Understanding Your Child’s Report Card: Advice for Parents

Report cards aren’t as simple as they used to be! Here’s Tutor Doctor’s advice for understanding your child’s report card.

In the old days, students would often receive a simple report card with letter grades next to each subject. Funnily enough, this is still how we often picture report cards! In reality, modern report cards break down several aspects of the student’s performance in the classroom – and in most cases, academic proficiency is only one portion of their final grade.

Report card formats vary widely by school district and region, with specific details often being provided for each subject. A very basic report card might consist of three categories: the student’s academic grade, their work habits, and their cooperation. Work habits generally refer to a student’s participation in the classroom and willingness to contribute to discussions. Cooperation typically refers to a student’s behavior during class time as well as their ability to follow classroom rules. In addition, these types of report cards often allow teachers to fill in a comment section with additional details about the student’s performance.

However, ever since Common Core became standardized in many school districts, many report cards have moved away from this simple three category format as well. And although we understand that some parents miss the simplicity of the previous formats, these new report cards provide much more information. For example – the Los Angeles Unified School District (LAUSD) is one of the largest school districts in the United States, and the newer elementary school report cards contain over 20 categories of information spread among different skills and subjects!

These newer formats are excellent for tutors and parents because they provide much deeper insight into the specific areas a student may need help. Continuing with the LAUSD example above, categories in English Language Arts range from “foundational reading skills” to “making meaning from text” to “effective expression through writing.” In the past, all these categories would have been summed up with a single letter or number – so in our view, the new Common Core format report cards are a vast improvement!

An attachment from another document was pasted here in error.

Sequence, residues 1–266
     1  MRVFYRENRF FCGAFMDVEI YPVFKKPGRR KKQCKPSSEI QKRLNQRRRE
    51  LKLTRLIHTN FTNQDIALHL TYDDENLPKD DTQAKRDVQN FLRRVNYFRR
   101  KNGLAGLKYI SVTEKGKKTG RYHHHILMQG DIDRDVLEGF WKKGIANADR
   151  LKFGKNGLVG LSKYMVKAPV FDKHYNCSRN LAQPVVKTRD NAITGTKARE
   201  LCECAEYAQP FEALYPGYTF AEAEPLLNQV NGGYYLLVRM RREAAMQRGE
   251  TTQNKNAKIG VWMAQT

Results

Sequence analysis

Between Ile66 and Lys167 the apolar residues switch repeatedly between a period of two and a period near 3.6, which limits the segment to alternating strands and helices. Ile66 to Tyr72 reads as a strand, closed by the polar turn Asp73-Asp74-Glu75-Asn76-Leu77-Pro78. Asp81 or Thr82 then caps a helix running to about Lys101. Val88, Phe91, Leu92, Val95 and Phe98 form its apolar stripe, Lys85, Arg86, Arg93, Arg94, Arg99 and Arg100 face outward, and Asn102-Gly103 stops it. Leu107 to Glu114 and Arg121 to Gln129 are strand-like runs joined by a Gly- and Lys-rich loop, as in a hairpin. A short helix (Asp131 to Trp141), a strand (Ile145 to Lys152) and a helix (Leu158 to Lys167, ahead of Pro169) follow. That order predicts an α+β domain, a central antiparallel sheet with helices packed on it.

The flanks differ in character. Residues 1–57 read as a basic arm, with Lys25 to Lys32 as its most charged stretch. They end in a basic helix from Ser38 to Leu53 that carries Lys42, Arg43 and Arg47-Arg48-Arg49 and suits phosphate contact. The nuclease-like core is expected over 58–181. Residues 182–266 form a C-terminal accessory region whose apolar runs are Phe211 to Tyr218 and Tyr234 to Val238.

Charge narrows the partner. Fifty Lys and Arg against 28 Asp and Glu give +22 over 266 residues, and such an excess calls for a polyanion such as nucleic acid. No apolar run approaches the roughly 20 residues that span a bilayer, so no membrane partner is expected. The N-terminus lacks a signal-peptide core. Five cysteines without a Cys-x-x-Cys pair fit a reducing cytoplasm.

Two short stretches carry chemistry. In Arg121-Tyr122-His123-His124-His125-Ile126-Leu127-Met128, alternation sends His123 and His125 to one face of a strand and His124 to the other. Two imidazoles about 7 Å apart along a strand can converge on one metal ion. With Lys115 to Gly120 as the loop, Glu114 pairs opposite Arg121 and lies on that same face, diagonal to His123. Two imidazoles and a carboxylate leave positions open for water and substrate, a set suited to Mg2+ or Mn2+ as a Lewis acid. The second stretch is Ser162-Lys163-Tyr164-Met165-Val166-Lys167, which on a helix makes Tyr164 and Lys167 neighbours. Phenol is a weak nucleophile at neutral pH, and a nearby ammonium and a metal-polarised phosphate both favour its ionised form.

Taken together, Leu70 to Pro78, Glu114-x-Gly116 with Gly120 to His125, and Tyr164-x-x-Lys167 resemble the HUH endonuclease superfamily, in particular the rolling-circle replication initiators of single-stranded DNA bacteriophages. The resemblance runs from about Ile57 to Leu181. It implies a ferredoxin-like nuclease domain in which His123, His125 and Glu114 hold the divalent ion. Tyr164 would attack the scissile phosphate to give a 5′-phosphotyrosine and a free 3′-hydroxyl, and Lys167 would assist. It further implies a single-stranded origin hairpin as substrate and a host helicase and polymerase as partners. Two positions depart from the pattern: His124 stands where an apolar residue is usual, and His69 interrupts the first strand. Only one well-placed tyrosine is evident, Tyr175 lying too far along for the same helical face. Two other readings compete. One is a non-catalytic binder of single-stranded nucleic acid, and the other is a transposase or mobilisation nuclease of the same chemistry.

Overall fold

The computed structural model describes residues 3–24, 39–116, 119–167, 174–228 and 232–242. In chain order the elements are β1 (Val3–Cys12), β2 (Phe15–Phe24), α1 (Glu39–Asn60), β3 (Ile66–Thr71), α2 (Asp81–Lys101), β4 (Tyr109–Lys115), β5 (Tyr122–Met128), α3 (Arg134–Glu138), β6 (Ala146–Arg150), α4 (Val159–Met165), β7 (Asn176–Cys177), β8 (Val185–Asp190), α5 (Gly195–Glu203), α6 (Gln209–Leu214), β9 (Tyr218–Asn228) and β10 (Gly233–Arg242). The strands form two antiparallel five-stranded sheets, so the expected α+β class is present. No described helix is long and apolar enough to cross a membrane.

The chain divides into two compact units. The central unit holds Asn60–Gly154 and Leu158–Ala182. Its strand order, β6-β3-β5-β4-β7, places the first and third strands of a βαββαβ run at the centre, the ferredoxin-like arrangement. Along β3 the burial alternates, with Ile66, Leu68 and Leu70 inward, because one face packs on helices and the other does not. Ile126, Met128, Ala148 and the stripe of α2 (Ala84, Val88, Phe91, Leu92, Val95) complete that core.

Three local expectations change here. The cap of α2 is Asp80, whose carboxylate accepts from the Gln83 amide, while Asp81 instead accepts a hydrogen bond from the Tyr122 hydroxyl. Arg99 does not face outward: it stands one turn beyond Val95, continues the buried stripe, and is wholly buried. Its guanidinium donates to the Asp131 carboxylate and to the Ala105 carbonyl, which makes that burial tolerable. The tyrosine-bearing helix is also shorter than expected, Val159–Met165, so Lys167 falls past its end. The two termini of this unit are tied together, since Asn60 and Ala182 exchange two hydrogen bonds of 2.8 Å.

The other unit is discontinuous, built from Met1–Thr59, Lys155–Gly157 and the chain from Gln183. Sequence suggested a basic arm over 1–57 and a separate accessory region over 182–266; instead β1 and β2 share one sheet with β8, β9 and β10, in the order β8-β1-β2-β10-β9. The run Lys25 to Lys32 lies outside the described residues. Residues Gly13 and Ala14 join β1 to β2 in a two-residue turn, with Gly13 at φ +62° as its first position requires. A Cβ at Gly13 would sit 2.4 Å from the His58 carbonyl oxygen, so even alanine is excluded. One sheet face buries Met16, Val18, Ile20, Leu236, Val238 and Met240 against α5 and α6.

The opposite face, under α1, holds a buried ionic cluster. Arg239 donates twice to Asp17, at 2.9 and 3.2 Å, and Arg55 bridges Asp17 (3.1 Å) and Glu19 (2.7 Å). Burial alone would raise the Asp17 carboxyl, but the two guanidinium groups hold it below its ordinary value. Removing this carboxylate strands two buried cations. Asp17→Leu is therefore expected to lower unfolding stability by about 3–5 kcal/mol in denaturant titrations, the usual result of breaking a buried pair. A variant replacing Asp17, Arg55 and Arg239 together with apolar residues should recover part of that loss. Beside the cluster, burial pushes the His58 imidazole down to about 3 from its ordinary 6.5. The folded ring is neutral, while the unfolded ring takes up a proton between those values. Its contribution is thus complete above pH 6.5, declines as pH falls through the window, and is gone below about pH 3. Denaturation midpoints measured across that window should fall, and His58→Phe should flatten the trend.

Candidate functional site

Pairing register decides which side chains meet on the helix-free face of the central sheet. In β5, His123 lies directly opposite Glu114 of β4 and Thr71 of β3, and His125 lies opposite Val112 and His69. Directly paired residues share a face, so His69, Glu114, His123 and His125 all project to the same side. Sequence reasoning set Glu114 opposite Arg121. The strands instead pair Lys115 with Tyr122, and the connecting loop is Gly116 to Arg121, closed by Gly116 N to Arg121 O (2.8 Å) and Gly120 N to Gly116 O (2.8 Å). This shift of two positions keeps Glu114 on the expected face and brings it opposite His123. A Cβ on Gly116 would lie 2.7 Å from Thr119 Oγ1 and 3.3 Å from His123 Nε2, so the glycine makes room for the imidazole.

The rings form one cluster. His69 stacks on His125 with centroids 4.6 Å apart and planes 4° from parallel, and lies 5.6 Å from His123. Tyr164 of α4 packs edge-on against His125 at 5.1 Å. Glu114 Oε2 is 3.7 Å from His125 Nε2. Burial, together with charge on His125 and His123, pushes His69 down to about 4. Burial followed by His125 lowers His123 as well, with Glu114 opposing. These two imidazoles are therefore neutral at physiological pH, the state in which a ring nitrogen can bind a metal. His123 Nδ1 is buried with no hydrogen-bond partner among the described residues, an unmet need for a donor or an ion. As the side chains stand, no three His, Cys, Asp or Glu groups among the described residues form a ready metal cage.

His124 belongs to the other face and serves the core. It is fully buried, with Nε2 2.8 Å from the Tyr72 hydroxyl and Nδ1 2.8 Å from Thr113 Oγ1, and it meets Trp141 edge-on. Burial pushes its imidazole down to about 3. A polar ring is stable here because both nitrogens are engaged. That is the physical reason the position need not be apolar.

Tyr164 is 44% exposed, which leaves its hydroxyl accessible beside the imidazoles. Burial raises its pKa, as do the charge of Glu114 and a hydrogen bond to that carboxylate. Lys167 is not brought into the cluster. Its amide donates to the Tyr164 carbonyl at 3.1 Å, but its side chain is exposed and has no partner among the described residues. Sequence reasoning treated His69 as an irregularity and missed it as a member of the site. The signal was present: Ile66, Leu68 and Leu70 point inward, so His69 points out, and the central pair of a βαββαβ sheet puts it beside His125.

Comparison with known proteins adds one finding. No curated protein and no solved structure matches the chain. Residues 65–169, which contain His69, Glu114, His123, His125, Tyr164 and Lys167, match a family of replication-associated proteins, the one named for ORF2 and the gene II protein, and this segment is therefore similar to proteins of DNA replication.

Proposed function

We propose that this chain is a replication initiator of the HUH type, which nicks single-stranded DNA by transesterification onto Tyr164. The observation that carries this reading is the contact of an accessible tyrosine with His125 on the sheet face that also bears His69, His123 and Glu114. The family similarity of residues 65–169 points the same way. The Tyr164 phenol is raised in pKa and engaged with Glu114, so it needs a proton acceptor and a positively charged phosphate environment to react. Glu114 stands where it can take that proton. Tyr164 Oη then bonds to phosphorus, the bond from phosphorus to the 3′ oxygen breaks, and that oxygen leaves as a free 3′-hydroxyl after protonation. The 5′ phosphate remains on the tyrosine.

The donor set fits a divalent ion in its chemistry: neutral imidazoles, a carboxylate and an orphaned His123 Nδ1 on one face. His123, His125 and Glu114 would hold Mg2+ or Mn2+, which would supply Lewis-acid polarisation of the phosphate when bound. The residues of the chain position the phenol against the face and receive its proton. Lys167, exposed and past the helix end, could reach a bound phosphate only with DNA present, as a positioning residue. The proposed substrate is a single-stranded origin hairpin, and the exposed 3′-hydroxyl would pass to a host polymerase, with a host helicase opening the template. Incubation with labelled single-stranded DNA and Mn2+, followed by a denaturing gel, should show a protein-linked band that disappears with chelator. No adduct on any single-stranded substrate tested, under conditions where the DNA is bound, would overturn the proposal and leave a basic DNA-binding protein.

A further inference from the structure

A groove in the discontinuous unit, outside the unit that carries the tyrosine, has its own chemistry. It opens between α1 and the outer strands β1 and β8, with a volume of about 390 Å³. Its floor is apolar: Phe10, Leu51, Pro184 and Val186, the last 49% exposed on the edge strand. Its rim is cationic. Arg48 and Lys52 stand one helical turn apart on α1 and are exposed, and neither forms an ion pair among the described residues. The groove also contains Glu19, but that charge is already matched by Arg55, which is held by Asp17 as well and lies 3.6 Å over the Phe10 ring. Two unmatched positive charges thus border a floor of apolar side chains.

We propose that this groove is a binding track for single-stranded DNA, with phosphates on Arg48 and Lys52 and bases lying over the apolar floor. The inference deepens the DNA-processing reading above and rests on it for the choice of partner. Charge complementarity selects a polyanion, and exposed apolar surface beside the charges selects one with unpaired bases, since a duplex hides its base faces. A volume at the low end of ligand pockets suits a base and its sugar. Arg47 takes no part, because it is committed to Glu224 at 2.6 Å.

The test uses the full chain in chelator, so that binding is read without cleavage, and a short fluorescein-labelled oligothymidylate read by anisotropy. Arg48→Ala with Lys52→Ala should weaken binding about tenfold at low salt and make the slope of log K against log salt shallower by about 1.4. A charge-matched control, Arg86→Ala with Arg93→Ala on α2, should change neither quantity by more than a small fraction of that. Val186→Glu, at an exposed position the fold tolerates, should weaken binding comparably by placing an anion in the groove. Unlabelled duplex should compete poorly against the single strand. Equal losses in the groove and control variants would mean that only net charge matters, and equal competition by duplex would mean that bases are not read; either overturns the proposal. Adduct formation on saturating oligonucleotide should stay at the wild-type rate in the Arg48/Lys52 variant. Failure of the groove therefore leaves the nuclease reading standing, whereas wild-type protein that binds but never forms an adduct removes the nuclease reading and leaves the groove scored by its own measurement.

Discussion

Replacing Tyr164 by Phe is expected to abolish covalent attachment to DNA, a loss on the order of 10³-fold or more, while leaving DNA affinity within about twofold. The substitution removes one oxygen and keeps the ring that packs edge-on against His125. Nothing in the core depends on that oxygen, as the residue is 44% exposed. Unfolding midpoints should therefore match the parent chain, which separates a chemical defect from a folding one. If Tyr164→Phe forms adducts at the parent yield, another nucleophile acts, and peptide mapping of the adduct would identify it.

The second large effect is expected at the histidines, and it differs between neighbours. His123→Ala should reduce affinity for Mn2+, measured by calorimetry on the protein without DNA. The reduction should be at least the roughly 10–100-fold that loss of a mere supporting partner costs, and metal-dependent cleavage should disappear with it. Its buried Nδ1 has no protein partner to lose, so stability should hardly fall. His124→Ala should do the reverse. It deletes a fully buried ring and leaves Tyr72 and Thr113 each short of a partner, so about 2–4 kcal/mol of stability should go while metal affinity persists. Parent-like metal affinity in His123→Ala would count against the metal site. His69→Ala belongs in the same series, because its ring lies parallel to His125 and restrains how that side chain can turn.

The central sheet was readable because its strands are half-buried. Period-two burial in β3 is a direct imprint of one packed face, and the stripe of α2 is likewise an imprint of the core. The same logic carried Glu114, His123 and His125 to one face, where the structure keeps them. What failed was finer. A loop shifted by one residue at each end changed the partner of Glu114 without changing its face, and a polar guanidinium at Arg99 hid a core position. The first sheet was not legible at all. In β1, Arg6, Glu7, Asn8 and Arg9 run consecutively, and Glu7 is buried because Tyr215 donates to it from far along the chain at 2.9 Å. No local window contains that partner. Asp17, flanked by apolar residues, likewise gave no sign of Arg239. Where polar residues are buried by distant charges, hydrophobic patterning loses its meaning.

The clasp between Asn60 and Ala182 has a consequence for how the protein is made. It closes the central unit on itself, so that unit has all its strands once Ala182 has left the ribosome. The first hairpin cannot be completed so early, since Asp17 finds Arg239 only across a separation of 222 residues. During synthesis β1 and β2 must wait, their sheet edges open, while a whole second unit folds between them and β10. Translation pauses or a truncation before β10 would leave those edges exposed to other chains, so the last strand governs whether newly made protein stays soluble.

As can be expected, report card formats will also vary based on the student’s grade level. Elementary school report cards tend to use numbered formats, whereas middle and high school report cards tend to rely on letter grades (at least for academic purposes). These report cards should include the credits the student has earned for each course, which can then be used to calculate their grade point average (GPA). In most cases, an “A” grade is worth 4 points, a “B” worth 3, and so on. A simple report card might look like this:

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Report Card Breakdown
English A 4.0 3.0
Algebra C 2.0 3.0
Science B 3.0 3.0
PE A 4.0 2.0

To determine GPA, you’ll need to do some simple math. Multiply the point value by the credits to obtain the calculated grade points for each course, like so:

Calculating Grade Points per class
English A 4.0 3.0 12.0
Algebra C 2.0 3.0 6.0
Science B 3.0 3.0 9.0
PE A 4.0 2.0 8.0

Next, add up the “Grade Points” column!

GPA Summary
English A 4.0 3.0 12.0
Algebra C 2.0 3.0 6.0
Science B 3.0 3.0 9.0
PE A 4.0 2.0 8.0
TOTALS 11.0 35.0

Finally, we can divide the total grade points by the total credits (35.0 ÷ 11.0) giving us a final GPA of 3.2. Report cards will sometimes include this calculation, but it’s helpful to know how to calculate GPA on your own – especially when applying for colleges and universities!

Lastly, it’s important to remember that report cards do not provide a complete picture of a student’s progress and performance in school. To learn more about this topic, check out our blog “How to Evaluate Students Without Using Grades.”